Earlier this week, in conversation with some of our worldwide government teams, I had the opportunity to share some of our experiences with the open government activities underway across Canada. With so many great initiatives underway, I couldn’t focus too long on any particular project and really looked to try to draw out the higher level success factors that could be replicated in other regions around the world. As I went through the recent events and noteworthy news items, I shared the Open Data case study posted by David Eaves (http://bit.ly/98WVqt ). While David called out some of the work that Microsoft is doing for Open Gov, it struck me that the singular “Microsoft” really hides a significant lesson learned or best practice and that lesson is that Open Gov is a collaborative effort of many.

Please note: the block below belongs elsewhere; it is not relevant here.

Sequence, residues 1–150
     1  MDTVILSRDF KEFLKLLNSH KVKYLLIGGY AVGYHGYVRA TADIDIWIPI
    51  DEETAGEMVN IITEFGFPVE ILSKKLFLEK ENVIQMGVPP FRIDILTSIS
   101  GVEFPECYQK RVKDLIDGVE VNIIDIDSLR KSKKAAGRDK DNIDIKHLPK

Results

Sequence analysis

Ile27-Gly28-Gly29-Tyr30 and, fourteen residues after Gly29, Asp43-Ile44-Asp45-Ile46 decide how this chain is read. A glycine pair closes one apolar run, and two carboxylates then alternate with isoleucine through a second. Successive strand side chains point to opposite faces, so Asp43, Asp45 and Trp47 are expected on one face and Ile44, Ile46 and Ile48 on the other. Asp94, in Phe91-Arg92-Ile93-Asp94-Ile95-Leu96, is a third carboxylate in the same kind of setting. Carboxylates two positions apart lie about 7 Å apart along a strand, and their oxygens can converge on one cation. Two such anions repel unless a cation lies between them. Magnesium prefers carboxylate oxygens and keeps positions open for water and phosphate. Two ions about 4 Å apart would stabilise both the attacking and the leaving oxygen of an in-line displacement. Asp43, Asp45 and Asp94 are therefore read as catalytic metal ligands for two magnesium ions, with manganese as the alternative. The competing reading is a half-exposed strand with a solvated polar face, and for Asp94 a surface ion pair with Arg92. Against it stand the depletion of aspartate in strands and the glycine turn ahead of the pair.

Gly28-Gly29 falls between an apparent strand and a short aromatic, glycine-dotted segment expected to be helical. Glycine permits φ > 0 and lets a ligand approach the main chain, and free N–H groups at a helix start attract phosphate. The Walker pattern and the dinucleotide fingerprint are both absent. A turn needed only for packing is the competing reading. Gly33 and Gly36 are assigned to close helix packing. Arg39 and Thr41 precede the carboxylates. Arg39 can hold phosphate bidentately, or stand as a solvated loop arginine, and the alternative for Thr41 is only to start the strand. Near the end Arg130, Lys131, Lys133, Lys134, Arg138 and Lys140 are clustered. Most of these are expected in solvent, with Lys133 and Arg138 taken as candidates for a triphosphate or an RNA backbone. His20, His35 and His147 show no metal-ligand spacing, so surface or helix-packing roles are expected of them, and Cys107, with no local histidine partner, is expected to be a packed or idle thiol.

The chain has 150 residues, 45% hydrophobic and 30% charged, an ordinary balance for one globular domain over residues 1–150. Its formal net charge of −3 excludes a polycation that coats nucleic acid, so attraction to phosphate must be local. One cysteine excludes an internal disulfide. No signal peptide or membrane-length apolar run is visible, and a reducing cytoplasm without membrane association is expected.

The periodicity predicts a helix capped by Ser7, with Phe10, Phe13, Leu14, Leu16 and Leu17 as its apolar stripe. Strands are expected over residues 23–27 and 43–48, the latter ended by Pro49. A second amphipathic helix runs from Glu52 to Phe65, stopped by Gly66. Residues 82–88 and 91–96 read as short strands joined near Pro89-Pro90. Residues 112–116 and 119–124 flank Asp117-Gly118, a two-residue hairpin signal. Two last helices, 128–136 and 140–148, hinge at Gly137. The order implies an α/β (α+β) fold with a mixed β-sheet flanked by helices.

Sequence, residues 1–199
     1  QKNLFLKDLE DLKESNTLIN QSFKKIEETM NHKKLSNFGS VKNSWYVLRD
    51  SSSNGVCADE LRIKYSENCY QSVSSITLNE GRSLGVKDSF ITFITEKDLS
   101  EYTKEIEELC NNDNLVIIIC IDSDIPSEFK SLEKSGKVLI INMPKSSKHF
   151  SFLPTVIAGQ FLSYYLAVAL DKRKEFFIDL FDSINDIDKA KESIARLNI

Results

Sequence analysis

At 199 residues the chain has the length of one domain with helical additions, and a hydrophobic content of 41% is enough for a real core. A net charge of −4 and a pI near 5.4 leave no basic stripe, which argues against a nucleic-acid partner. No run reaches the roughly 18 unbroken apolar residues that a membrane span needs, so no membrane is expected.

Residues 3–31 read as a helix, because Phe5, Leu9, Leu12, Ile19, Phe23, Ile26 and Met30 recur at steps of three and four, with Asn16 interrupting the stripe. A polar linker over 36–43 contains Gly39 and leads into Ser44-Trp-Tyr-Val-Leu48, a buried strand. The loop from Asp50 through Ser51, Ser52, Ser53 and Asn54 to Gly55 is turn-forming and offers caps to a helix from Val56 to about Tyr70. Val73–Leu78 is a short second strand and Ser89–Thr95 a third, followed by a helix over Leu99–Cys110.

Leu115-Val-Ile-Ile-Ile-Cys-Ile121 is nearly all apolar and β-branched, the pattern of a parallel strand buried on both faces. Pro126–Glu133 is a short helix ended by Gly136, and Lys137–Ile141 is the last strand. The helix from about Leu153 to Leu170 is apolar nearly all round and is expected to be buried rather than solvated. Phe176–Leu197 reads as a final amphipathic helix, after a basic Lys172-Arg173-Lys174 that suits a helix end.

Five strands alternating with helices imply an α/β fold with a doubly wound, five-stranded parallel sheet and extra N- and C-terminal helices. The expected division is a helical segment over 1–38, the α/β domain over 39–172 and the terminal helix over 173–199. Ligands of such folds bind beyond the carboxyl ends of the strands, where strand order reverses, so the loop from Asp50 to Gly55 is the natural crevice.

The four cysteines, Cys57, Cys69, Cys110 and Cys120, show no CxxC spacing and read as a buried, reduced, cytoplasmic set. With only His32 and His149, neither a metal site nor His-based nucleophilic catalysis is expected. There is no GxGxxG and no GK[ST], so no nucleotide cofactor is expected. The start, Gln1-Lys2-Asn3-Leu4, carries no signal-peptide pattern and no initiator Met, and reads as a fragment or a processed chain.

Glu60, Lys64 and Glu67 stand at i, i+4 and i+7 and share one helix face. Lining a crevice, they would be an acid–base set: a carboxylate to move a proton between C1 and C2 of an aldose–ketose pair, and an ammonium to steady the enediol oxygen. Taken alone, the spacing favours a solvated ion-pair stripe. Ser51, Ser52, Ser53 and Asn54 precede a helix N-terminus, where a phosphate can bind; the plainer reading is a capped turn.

This may seem like a truism to many of you, but I think it’s well worthwhile to state. It’s clear to me that it’s a team sport from at least two different perspectives. From an internal perspective, our open government work relies on the tireless efforts of people across a variety of teams including the local public sector team, the developer evangelism team, our product groups, the partner team and many others. However, the work of all these people wouldn’t be effective if it weren’t for the external conversations, brainstorming and other interactions that we have had. The CloudCamps, ChangeCamps, roundtables, consultations and even one on one conversations with thought leaders have all contributed to a better understanding of the challenges and opportunities for individuals, businesses and governments. Without this collaborative approach, any of the activities we started would most certainly have not hit the mark. There are many individual teams working hard at the local level and perhaps even regional level open government activities. I’ve noticed that there are several common themes that always pop up during these conversations including civic engagement, transparency, privacy, common data-sets, standards/Interoperability, social networking and others. Perhaps it’s time to time to bring these teams together for a national level conversation on open government across all three levels (municipal, provincial and federal).